- in, on, or involving a scale or scales
- Math. designating or of a quantity that has magnitude but no direction in space, as volume or temperature

Origin of scalar

Classical Latin*scalaris*, of a ladder from

*scalae*, steps, ladder: see scale

- in, on, or involving a scale or scales
- Math. designating or of a quantity that has magnitude but no direction in space, as volume or temperature

Origin of scalar

Classical Latin a scalar quantity

Webster's New World College Dictionary, Fifth Edition Copyright © 2014 by Houghton Mifflin Harcourt Publishing Company. All rights reserved.

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noun

**a.**A quantity, such as mass, length, or speed, that is completely specified by its magnitude and has no direction.**b.***Mathematics*A number, numerical quantity, or element in a field.- A device that yields an output equal to the input multiplied by a constant, as in a linear amplifier.

adjective

Of or relating to a scalar.

Origin of scalar

LatinTHE AMERICAN HERITAGE® DICTIONARY OF THE ENGLISH LANGUAGE, FIFTH EDITION by the Editors of the American Heritage Dictionaries. Copyright © 2016, 2011 by Houghton Mifflin Harcourt Publishing Company. Published by Houghton Mifflin Harcourt Publishing Company. All rights reserved.

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A quantity, such as mass, length, or speed, whose only property is magnitude; a number.

Compare vector

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Noun

(*plural* scalars)

English Wiktionary. Available under CC-BY-SA license.

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A single item or value. Contrast with vector and array, which are made up of multiple values. See scalar processor.

Computer Desktop Encyclopedia THIS DEFINITION IS FOR PERSONAL USE ONLY All other reproduction is strictly prohibited without permission from the publisher. © 1981-2017 The Computer Language Company Inc. All rights reserved.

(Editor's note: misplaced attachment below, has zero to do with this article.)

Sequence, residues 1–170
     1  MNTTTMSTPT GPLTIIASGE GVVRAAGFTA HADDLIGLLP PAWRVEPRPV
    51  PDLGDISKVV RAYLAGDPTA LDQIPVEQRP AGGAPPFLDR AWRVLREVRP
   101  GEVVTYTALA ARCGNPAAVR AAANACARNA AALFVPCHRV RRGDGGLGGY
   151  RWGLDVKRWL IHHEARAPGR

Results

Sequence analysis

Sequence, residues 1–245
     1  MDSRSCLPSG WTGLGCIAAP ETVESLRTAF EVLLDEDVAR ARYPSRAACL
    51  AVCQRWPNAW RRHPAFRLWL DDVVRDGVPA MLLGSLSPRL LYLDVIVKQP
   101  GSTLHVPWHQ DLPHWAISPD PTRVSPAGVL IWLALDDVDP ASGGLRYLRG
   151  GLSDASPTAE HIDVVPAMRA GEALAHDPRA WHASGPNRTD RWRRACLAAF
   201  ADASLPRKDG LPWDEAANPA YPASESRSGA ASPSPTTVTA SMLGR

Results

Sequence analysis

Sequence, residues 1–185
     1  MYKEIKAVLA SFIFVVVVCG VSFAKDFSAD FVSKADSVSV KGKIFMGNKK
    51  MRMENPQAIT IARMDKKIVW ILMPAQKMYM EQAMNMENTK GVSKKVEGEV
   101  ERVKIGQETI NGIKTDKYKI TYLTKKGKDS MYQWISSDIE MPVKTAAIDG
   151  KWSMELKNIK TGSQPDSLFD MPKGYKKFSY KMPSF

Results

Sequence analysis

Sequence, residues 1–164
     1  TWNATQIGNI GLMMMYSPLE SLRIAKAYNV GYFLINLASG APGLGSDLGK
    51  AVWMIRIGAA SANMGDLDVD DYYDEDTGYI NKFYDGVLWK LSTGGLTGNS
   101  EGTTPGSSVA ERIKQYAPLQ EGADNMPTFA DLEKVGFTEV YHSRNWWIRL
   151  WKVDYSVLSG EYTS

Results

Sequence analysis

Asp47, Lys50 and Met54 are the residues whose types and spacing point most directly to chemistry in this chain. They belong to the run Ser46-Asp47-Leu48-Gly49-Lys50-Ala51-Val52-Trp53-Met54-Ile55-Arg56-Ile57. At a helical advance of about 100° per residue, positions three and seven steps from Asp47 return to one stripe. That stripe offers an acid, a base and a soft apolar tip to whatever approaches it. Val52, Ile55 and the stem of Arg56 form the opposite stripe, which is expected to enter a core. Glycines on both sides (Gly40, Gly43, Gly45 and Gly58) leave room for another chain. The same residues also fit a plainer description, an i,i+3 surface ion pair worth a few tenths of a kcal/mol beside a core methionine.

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- Although many pseudo-symmetric twins are transformable into the simpler form, yet, in some cases, a true polymorph results, the change being indicated, as before, by alterations in
**scalar**(as well as vector) properties. - If we put qo= Sq' - Vq', then qo is called the conjugate of q', and the
**scalar**q'qo = qoq' is called the norm of q' and written Nq'. - This has a reciprocal Q -1= p-r = qq-1 - wp1 rq1, and a conjugate KQ (such that K[QQ'] = KQ'KQ, K[KQ] = Q) given by KQ = Kq-}-rlKp+wKr; the product QQ' of Q and Q' is app'+nqq'+w(pr'+rq'); the quasi-vector RI - K) Q is Combebiac's linear element and may be regarded as a point on a line; the quasi-
**scalar**(in a different sense from the rest of this article) 2(1+K)Q is Combebiac's**scalar**(Sp+Sq)+Combebiac's plane. - The fundamental character of energy in material systems here comes into view; if there were any other independent
**scalar**entity, besides mass and energy, that pervaded them with relations of equivalence, we should expect the existence of yet another set of qualities analogous to those connected with temperature. - The plane is of vector magnitude ZVq, its equation is ZSpq=Sr, and its expression is the bi-quaternion nVq+wSr; the point is of
**scalar**magnitude 4Sq, and its position vector is [3, where 1Vf3q=Vr (or what is the same, fi = [Vr+q.

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